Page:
Having returned to the farm, Lurie quickly gets to the business of protection. Lucy's neighbor, Ettinger, offers to loan them a gun. As Lurie repairs the kitchen door, he considers other options. He says, "They ought to turn the farmhouse into a fortress. Lucy ought to buy a pistol and a two-way radio, and take shooting lessons. But will she ever consent? She is here because she loves the land and the old landliche way of life. If that way of life is doomed, what is left for her to love (113)." Both Lucy and Lurie know that bars, guns, and pistols offer a false sense of security. Neither dogs nor guns nor fences can protect them from the threat of violence. Because they are white South Africans in the country, they are in danger.

Lurie is not able to pin down Petrus' involvement in the incident. Lurie's search for the truth can be described as both anthropological research and an inquisition. He rejects the simple prospect that Petrus set up the crime as payback for his servile treatment, instead deciding that the truth is more complicated. Lurie realizes that the crime is connected to culture-that it is silly to judge such a historically complex situation on the basis of simple guilt and innocence. When he envisions the process of seeking the truth, he sees himself as an anthropologist with clear objectives and methodology, conducted a well-planned survey.

When Lurie actually does speak with Petrus about the event, however, he loses his scientific objectivity. His questions become more like a lawyer's than an anthropologist's. He says, "I find it hard to believe the reason [the robbers] picked on us was simply that we were the first white folk they met that day. What do you think? Am I wrong? (119)." Lurie begins the conversation confrontationally; yet, Petrus remains calm and collected, smoking his pipe. Though Lurie realizes, in theory, that he ought to maintain a cool distance in order to understand the forces behind the crime, he is unable to do so in practice. More and more, a rift opens up between Lurie's idea of himself as an academic and as a person. This also occurs during Petrus' party, which Lurie dreads because of his personal distaste for the sacrifice of the lamb. Similarly, Lurie dismisses Lucy's concern that calling the police on the robber at the part would disrupt this crucial event in Petrus' life.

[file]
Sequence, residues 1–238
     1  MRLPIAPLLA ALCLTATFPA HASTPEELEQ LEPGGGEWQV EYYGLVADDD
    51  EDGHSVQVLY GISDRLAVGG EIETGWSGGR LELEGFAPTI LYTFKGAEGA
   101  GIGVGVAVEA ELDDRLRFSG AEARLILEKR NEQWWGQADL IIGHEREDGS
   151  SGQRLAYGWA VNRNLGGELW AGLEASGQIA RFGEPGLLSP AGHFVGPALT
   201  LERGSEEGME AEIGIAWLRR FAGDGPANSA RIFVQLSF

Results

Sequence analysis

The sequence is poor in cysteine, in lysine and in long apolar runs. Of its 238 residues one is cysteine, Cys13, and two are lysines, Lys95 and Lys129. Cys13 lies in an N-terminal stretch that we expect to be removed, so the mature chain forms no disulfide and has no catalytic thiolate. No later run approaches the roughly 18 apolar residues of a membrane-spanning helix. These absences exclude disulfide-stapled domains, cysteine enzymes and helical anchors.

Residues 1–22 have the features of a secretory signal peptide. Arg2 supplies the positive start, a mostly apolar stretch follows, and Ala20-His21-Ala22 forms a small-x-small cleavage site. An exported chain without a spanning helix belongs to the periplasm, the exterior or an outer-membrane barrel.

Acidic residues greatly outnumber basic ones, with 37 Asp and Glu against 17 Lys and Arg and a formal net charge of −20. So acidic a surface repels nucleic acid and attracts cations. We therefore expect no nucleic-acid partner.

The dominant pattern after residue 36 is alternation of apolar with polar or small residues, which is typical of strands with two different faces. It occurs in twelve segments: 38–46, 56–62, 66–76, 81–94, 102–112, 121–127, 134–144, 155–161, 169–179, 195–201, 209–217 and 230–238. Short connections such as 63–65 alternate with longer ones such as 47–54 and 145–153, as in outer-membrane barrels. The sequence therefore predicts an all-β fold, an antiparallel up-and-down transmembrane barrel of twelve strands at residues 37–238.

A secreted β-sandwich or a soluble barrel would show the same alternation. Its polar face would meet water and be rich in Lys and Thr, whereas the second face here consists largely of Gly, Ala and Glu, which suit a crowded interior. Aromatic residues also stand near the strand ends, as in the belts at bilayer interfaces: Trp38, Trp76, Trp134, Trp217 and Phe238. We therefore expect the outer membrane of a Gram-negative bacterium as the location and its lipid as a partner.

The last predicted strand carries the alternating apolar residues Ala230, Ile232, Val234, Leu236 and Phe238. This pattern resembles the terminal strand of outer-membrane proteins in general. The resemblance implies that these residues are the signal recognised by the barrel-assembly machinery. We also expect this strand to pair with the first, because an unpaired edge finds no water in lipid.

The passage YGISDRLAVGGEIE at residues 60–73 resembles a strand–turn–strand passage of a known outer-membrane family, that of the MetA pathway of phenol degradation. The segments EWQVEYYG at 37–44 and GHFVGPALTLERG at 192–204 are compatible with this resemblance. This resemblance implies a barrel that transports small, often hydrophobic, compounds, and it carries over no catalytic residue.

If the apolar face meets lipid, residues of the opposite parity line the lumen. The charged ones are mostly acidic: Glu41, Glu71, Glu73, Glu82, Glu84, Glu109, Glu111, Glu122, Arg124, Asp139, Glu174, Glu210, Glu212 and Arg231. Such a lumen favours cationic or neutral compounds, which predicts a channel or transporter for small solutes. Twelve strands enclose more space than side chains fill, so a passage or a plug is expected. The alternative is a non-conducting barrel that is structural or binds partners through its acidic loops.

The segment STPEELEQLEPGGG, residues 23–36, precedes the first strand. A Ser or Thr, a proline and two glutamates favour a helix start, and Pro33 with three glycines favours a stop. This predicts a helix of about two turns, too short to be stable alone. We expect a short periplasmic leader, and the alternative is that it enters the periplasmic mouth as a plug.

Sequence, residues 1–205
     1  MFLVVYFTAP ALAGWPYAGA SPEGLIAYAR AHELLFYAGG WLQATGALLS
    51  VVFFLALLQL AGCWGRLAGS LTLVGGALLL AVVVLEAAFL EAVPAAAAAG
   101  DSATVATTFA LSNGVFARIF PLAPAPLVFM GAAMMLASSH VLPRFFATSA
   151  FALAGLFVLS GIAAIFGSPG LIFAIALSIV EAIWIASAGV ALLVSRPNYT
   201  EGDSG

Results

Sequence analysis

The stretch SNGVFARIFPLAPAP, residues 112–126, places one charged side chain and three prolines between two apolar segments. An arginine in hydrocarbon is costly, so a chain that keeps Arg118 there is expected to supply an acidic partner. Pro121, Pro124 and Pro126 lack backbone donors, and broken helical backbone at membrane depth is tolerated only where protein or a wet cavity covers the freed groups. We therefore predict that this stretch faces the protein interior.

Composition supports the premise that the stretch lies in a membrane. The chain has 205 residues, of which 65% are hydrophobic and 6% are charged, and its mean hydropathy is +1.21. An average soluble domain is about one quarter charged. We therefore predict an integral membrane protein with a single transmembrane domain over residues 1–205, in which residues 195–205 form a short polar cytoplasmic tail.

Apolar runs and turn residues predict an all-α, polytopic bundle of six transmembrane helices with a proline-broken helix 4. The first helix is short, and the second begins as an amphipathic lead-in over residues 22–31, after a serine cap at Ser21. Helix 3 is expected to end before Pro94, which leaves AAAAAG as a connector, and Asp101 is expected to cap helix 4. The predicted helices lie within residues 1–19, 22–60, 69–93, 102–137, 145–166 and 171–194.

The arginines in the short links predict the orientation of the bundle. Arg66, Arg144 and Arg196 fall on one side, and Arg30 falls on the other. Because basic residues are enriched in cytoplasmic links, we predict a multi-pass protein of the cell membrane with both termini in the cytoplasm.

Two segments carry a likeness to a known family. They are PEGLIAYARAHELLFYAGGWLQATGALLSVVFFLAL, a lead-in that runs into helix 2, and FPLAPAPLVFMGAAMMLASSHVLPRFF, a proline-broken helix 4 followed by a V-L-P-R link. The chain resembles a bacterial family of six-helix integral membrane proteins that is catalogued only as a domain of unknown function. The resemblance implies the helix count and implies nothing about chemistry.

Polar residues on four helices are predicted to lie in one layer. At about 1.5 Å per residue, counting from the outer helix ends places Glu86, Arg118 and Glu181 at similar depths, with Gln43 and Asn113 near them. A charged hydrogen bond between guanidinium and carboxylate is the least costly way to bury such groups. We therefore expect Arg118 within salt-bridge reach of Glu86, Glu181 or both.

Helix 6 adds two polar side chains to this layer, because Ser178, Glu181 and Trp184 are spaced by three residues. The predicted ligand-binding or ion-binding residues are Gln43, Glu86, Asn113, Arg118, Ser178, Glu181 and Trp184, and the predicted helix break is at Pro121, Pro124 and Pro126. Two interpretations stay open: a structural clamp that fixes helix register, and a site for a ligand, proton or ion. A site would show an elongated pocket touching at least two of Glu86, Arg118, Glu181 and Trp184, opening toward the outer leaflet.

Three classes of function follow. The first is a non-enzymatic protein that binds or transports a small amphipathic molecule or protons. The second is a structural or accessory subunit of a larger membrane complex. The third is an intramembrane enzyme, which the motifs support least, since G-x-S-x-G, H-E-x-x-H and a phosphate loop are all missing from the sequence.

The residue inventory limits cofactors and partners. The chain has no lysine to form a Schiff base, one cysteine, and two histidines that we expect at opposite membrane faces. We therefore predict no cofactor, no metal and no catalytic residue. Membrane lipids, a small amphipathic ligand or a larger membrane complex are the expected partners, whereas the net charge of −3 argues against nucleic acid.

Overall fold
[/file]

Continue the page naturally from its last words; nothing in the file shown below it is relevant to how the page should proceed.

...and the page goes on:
On the whole, this section pivots on the delicate balance between personal outrage and historical perspective. Coetzee leaves us without a clear sense of which approach is best; he merely offers the dilemma in all its wrenching complexity. Lucy represents one approach-complete capitulation to cultural determinations of justice. Lurie represents another-insistence upon personal vindication. Each character recognizes the other's position, which only increases the poignancy of their growing separation.